Worth 1000 words: Summer Herald will each day publish an entry in our short story competition. The winner will be announced on January 30. Picture: Peter Stoop
EVERYONE is capable of hundreds of different emotions, but that feeling when you know yours have become a routine, is tragic.
My schedule of emotions repeated every day. Fear, loneliness, anger, frustration, and then, of course, the disappointment, when you realise this is your life, and it’s not going to change. For months I felt hopeless. Living on the streets isn’t exactly set up for success.
Monday morning, I sat up from the park bench. Cold. My body didn’t move.
I had two thoughts bouncing around in my head. Skating and my parents. I always wondered what they looked like.
My three year old brain didn’t remember their faces, and the funeral was blurry.
My life was the definition of a tough childhood. Drawing the memories, in my head, the canvas showed the day I met my first foster family, Greg and Lara.
Then when I was moved to Sydney to live with Mike and Amy. New parents, new home, new school.
I thought of how scared I was, but it was nothing compared to now. That fear was an excited scared, this was just sheer terror.
I travelled to my other thought, skating; the one thing that kept me sane. Skating on my board was my free counselling session, my passion. The freedom I felt as I rode through the wind, my hair blowing, as if I was flying.
I flashed back to reality when something screamed from around the corner. My head swung to the left, and the shock made my reflexes freeze.
For the first time, I didn’t know what to do. The car was coming straight for me and it was huge. But more importantly it wasn’t slowing down.
Just as I was shooting into complete panic, my ribs were shoved, thrashing me down onto the concrete, sending an ache through my head, wiping all consciousness.
I woke to the ache of a migraine, the smell of smoke, and the sound of crowds nearby.
Where am I? My memories had faded. I was unsure of the day, and the time. More fear kicked in. My eyelids opened, revealing an old caravan. I was laying on a ripped mattress sitting beside towers of cardboard boxes.
My lungs smoked the air, in and out, regaining my breath.
I taught my feet to walk again, and they stumbled to the door and down the front steps. I was greeted by a crowd of gawking eyes. There was a mass of teenagers standing outside the caravan, hovering around old oil drums, flames burning through the air.
I noticed heads in the back began to move, then more further towards the front, started scattering like ants. I saw a silhouette, making its way through the people.
Again I froze. I stood there, waiting for him to get closer, revealing his identity, until there he was, standing over me, tall and intimidating. The shadows were wiped from his face, and I could finally see him.
He was old. His wrinkles suggested around 50. His eyes overflowing with kindness and trust.
I wasn’t afraid anymore, just curious.
My instincts reacted to something, as I thought “this is the man that pushed me away from the car”, but then came the next question … Why?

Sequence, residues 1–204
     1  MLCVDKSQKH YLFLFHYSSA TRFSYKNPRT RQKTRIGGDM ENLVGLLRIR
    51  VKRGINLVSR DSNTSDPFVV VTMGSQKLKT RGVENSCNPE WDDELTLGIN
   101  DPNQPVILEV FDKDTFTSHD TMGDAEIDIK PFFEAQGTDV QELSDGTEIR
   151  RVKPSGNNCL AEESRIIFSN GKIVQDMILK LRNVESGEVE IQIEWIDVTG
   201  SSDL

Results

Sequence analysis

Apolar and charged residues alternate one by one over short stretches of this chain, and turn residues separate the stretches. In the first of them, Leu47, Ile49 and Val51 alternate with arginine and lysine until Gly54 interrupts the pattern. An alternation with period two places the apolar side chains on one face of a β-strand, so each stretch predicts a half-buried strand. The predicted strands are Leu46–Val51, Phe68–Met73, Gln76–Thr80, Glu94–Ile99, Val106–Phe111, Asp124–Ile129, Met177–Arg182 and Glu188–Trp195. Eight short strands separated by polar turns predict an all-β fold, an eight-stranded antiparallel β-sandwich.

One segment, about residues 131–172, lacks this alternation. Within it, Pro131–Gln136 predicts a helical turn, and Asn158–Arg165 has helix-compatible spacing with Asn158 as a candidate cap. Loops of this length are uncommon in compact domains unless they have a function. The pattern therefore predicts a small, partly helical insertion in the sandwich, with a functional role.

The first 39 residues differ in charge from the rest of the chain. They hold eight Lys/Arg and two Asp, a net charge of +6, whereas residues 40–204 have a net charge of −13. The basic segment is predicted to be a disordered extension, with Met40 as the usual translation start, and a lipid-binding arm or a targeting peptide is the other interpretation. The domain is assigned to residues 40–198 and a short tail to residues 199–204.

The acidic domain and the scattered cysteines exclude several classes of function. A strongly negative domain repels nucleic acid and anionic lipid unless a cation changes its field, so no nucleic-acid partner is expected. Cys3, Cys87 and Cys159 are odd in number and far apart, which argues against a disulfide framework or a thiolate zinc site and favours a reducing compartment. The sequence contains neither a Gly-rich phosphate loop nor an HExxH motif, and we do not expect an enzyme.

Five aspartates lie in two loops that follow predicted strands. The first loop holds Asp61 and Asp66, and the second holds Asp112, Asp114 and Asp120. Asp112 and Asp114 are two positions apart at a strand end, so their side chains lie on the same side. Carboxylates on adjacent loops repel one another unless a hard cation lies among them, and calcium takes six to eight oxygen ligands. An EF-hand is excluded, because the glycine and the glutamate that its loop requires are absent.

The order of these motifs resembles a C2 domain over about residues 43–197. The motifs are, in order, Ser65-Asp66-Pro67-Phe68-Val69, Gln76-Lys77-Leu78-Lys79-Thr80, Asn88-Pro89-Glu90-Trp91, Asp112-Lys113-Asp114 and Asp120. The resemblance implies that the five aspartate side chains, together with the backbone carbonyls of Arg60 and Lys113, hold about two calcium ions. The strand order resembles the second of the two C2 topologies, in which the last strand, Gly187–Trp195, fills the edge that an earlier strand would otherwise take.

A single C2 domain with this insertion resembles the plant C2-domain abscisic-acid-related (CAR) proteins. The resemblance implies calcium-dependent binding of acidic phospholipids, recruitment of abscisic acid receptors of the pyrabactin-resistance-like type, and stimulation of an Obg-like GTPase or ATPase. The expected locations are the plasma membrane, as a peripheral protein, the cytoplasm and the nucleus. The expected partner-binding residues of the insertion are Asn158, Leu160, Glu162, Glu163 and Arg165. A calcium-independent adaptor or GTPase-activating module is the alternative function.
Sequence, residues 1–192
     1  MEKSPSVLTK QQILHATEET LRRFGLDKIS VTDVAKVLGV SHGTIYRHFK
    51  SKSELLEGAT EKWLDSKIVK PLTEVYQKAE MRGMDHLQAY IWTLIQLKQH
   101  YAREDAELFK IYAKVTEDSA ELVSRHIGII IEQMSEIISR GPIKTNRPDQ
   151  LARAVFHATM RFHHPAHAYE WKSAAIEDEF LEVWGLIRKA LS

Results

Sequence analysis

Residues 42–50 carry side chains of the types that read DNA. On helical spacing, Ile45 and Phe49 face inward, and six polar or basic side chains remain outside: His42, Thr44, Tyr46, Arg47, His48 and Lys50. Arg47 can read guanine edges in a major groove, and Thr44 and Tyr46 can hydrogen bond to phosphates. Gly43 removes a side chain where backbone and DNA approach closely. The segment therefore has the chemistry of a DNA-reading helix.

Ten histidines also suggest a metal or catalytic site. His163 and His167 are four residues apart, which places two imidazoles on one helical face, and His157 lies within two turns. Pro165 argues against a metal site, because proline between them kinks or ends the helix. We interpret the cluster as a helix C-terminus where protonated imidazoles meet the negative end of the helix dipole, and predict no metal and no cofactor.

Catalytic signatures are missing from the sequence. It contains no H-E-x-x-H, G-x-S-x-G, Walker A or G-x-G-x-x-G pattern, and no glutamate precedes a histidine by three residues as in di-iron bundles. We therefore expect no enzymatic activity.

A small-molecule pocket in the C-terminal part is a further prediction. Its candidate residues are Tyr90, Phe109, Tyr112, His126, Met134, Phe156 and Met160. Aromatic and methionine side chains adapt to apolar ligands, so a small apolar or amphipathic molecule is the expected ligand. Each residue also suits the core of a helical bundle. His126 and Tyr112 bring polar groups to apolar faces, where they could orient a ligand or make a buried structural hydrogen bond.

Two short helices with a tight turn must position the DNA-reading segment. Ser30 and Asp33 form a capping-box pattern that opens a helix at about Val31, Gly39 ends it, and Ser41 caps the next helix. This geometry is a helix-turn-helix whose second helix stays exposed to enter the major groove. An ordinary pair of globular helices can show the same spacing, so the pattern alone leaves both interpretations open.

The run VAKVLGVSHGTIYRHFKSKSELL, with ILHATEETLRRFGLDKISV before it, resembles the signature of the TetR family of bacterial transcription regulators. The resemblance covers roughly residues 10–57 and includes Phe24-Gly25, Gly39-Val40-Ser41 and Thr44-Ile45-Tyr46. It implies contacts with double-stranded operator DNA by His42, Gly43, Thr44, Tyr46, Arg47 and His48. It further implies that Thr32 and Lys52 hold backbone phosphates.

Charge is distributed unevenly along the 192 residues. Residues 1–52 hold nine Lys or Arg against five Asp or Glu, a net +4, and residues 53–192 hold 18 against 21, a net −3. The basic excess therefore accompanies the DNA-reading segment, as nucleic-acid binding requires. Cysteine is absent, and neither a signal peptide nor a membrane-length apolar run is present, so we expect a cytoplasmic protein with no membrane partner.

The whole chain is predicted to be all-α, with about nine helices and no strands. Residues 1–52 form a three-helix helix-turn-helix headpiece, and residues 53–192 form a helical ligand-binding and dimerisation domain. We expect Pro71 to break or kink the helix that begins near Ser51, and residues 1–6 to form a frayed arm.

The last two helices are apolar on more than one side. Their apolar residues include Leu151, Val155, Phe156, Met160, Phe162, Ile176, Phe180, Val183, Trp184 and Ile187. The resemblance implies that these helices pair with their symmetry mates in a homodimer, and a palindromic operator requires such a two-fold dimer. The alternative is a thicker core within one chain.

Reasons replayed in my mind as he led me inside and sat me down. He looked at me as if he was waiting for a question. So, first was obvious, “Who are you?”. His answer was simply “Marcus Johns”. Before I could cough up my next sentence, he interrupted. He pleaded for my name and age.
Nervously, I told him:Dylan Porter, 15years old.
I felt tension floating in the air, however, there was nothing inside me that resembled fear.
I almost feltcomfortable, a feeling I haven’t experienced in too many years. And I appreciated that.
Turns out Marcus led the group of teenagers through life. He had saved them all from similar situations to mine. As Marcus spoke, I was being introduced, and accepted by this new group, my new family.
It wasnow the beginning of November. My introduction ceremony from Marcus was three months ago. I had met new friends, who welcomed me without judgement.
I spent every day with Marcus, and he taught me many lessons; to help me survive, and win this difficult game they call life.
But one Friday morning itall changed. Marcus and I were walking to the same place we always do, but something was different. I could see he needed to say something. But no sounds escaped his mouth.
I stared into his dark brown eyes and saw his soul; kind, selfless and extremely protective of me.
I was about to release my confusion in words, but just one glance. One look at me and my mind overflowed with images. Memories, of my parents. I saw their faces, only for a second, but it was enough to tell me. Marcus was my father.
My mind buzzed with millions of questions and my normal reaction would have left him sitting by himself, watching my back as I ran away. But I had changed. To his utter surprise, I fell into his arms and hugged him tightly. The one thing that kept me fighting all these years, was the thought of him, and here he was.
We had built a relationship so close, nothing could knock it down, and I was not going to run away from that.
Five o’clock hit, and the sunset was being painted, a palette of orange and pink. We all rode our skateboards to what felt like the edge of the earth.
My routine of emotions had ended, and didn’t start again. I no longer had a routine. As Marcus said, just live life, don’t waste time planning it.
My dreams had finally come true. My father had found me, and I had returned home.